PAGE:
Spiritually and theologically, all Catholic dioceses in the world are supposed to be equal. In terms of influence, size, resources and history, however, some are clearly more equal than others.

A top spot on that “more equal” list certainly belongs to the Archdiocese of Milan in Italy. It’s one of the largest in the world with more than five million faithful, it’s got deep pockets, the surrounding Lombardy region has produced seven popes, and it’s got an unmatched tradition as an ecclesiastical pacesetter and laboratory.

In addition, northern Italy was also the home of the Bergoglio clan before immigrating to Argentina, so it’s of deep personal significance to Pope Francis as well.

All this helps explain that when Francis on Friday announced 65-year-old Mario Enrico Delpini will take over from 75-year-old Cardinal Angelo Scola as the Archbishop of Milan, it was anything but a casual or routine choice.

In bottom-line fashion, the main take-away from the move is this: The selection helps confirm that the “Francis revolution” is more about style and pastoral practice than about doctrine, because this is clearly a “continuity” move with respect to Scola’s broad vision.

Scola has been a towering figure in Catholicism since the St. John Paul II years, and frequently mentioned as a candidate to be pope himself. (So much so that when the white smoke went up in 2013, announcing the election of a new pope, the Italian bishops’ conference accidentally released an email congratulating Scola before learning that the new pope was actually Cardinal Jorge Mario Bergoglio of Argentina.)

The former rector of Rome’s Lateran University, Scola comes out of the Communion and Liberation movement in Italy, which is generally seen as fairly conservative. The original Vatileaks scandal included a letter from the movement’s head to Pope Benedict XVI in March 2011, suggesting that the previous two archbishops of Milan had fostered a critical stance toward some aspects of church teaching and that Scola was the best candidate to take over.

Scola breathes the same intellectual air as Benedict XVI, reflecting the Communio theological school co-founded by the young Joseph Ratzinger in the period following the Second Vatican Council (1962-65). As a young theologian himself, Scola published book-length interviews with Henri de Lubac and Hans Urs von Balthasar.

If Francis wanted to signal a new intellectual and theological direction for the Church, therefore, picking someone in Milan sharply different than Scola would have been a great way to go about it.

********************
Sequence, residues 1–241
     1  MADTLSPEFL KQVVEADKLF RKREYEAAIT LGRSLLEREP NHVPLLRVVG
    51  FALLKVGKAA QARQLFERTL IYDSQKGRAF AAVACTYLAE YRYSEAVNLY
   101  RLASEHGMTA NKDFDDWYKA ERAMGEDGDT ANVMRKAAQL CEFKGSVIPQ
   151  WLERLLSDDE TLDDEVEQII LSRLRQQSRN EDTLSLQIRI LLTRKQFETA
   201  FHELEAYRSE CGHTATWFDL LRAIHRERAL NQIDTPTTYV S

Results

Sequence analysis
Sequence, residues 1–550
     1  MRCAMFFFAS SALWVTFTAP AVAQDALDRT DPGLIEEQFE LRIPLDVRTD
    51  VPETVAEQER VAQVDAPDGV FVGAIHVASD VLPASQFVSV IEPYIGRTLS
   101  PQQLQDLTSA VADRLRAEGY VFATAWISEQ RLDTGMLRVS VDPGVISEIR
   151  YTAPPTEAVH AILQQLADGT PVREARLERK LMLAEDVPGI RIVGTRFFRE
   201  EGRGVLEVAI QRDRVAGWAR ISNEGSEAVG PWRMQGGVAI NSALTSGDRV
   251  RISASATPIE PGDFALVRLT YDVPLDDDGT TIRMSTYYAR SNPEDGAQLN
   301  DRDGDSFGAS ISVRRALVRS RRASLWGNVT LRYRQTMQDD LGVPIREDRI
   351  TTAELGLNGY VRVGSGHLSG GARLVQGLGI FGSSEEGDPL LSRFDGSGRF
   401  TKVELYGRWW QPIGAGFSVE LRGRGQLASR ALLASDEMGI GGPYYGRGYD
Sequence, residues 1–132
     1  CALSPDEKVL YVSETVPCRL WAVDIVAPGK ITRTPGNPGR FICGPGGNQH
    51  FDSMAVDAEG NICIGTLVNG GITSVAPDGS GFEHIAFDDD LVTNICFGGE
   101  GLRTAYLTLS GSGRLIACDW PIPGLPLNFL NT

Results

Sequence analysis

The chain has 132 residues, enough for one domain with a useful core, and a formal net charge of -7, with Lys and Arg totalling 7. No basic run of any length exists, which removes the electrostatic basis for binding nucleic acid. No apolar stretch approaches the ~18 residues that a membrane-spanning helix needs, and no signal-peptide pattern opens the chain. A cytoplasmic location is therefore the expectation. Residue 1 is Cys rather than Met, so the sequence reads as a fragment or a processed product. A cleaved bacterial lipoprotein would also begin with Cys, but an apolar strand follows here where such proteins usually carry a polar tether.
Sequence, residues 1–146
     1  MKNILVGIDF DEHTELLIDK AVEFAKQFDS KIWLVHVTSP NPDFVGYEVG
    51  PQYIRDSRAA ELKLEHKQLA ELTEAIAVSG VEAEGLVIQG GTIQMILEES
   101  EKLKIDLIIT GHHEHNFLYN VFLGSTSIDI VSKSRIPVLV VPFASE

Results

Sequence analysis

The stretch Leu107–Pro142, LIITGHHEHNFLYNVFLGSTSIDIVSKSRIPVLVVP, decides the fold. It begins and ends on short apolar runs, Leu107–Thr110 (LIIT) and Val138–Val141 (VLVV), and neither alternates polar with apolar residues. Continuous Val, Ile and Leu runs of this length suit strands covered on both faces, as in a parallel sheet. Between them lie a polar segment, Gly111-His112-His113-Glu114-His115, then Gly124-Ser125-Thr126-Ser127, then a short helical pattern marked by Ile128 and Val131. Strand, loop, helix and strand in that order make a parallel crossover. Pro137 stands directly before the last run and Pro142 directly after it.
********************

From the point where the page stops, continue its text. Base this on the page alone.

Instead, Francis in effect tapped Scola’s right-hand man, as Delpini has served as Vicar General of Milan since 2012. He’s also served with Scola on the Bishops’ Conference of Lombardy, and, in general, is seen as one of his closest collaborators and friends.

Further, although Delpini is not a product of Communion and Liberation like Scola, he’s on good terms with it. Quietly, Delpini takes part in a charitable endeavor sponsored by the movement in the center of Milan, and he’s also on friendly terms with Father Julián Carrón, the successor of Father Luigi Giussani as the leader of CL.

If there’s something distinctive about Delpini, it’s on the level of personality rather than doctrinal or political convictions.

For one thing, he’s a man of deep personal humility. When his appointment was announced in Milan’s Duomo on Friday, his first response was to confess his inadequacy for the job, to ask for everyone’s help, and even to apologize for his “banal” first name, Mario.

Second, Delpini is a man of dialogue, preferring bridges over walls. The key soundbite from his brief remarks on Friday was, “Let’s never use religions as enemies that challenge one another.”

Third, Delpini also is a pastor who “carries the smell of his sheep,” to use the phrase Pope Francis has made famous. He knows basically all the priests of the archdiocese well, since he was for years the rector of the seminary in Venegono, and he also is in the habit of making frequent parish visits. It would be a rare Catholic in Milan who hasn’t seen “Don Mario,” as he’s known, at least once or twice in his or her parish, which may explain the strong applause in the Duomo on Friday when Scola made the transition official.

Fourth, Delpini, again like Francis, has always put a strong emphasis on the importance of the poor in pastoral planning, and he’s also associated with efforts by the church in Milan to promote coexistence and dialogue among the city’s different cultural and ethnic groups.

For all those reasons, Delpini illustrates two points: One, he is very much a “Francis bishop.” Two, to be a “Francis bishop” doesn’t necessarily mean repudiating what went before.

As for Scola, he’s announced plans to move into a parish in the small village of Imberido, right next to the Lago di Annone, one of Lombardy’s breathtaking lakes. (Scola reportedly asked Francis to speed up the transition in Milan, allowing his successor to hit the ground running for the opening of the new pastoral year in September.) For the next several weeks, Scola said he won’t have any public activities and will organize his move.

One interesting question to track going forward is whether Delpini will become a cardinal whenever Francis next chooses to hold a consistory. You have to go back to the 1800s to find the last time an Archbishop of Milan wasn’t a cardinal, although that had a lot to do with the politics of the Kingdom of Italy at the time and the role of the Austrian emperor. In general, Milan is pretty much considered the most automatic, slam-dunk “red hat see” in the world.

Francis, however, doesn’t operate that way, and generally has made a fairly firm distinction between the office and the man. If he’s content to leave Delpini in Milan without a red hat, it would be the ultimate exclamation point on the “new normal” in the Church.